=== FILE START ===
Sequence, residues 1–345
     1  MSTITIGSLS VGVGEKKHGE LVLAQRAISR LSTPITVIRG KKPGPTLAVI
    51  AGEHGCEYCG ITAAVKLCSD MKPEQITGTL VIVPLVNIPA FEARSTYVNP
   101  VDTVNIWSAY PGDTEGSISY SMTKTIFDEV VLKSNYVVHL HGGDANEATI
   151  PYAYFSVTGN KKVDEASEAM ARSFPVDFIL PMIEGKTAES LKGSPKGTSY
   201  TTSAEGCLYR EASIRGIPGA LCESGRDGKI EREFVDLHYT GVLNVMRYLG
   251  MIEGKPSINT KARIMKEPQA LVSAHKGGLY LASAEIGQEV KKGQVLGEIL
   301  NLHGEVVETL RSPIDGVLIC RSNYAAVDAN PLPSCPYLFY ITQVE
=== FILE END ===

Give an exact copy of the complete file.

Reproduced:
Sequence, residues 1–345
     1  MSTITIGSLS VGVGEKKHGE LVLAQRAISR LSTPITVIRG KKPGPTLAVI
    51  AGEHGCEYCG ITAAVKLCSD MKPEQITGTL VIVPLVNIPA FEARSTYVNP
   101  VDTVNIWSAY PGDTEGSISY SMTKTIFDEV VLKSNYVVHL HGGDANEATI
   151  PYAYFSVTGN KKVDEASEAM ARSFPVDFIL PMIEGKTAES LKGSPKGTSY
   201  TTSAEGCLYR EASIRGIPGA LCESGRDGKI EREFVDLHYT GVLNVMRYLG
   251  MIEGKPSINT KARIMKEPQA LVSAHKGGLY LASAEIGQEV KKGQVLGEIL
   301  NLHGEVVETL RSPIDGVLIC RSNYAAVDAN PLPSCPYLFY ITQVE